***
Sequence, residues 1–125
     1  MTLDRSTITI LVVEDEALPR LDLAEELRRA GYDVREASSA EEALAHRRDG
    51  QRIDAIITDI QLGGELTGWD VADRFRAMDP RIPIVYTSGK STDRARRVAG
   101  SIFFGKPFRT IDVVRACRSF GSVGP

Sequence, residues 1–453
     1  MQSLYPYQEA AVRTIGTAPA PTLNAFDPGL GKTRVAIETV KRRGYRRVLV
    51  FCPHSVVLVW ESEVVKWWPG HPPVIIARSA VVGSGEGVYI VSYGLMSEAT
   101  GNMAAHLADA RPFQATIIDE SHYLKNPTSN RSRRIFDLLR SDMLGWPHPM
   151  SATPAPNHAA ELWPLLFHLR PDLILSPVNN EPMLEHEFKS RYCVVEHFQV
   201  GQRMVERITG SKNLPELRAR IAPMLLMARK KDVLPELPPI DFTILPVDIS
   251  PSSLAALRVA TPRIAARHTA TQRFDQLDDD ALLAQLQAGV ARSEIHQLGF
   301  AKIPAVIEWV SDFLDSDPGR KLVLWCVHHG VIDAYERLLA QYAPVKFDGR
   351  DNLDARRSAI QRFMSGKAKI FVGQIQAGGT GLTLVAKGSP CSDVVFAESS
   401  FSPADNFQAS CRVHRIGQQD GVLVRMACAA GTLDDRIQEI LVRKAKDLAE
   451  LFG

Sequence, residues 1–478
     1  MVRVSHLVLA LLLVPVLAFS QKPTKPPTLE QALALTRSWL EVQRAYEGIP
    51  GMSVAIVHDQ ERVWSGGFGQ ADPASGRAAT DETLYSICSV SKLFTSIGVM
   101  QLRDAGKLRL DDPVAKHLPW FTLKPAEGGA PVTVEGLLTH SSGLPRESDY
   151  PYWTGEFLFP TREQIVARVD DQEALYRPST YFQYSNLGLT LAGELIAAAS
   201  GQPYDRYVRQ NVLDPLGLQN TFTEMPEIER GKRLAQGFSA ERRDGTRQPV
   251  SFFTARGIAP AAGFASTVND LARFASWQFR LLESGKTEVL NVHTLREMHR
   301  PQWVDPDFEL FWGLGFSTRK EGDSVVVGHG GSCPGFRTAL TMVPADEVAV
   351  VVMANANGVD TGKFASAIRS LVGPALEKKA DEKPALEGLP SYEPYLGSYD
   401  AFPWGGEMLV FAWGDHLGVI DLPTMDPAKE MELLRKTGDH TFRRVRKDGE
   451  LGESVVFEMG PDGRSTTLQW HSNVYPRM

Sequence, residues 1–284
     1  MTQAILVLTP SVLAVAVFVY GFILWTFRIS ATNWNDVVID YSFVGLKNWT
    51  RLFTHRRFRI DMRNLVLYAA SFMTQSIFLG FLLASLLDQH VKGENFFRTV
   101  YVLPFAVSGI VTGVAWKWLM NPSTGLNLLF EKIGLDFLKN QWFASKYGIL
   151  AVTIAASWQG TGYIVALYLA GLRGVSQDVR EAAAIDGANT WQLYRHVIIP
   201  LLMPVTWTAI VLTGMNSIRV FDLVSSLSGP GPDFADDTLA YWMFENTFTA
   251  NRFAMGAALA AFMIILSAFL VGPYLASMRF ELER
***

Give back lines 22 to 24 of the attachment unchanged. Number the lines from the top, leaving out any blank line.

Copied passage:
   251  SFFTARGIAP AAGFASTVND LARFASWQFR LLESGKTEVL NVHTLREMHR
   301  PQWVDPDFEL FWGLGFSTRK EGDSVVVGHG GSCPGFRTAL TMVPADEVAV
   351  VVMANANGVD TGKFASAIRS LVGPALEKKA DEKPALEGLP SYEPYLGSYD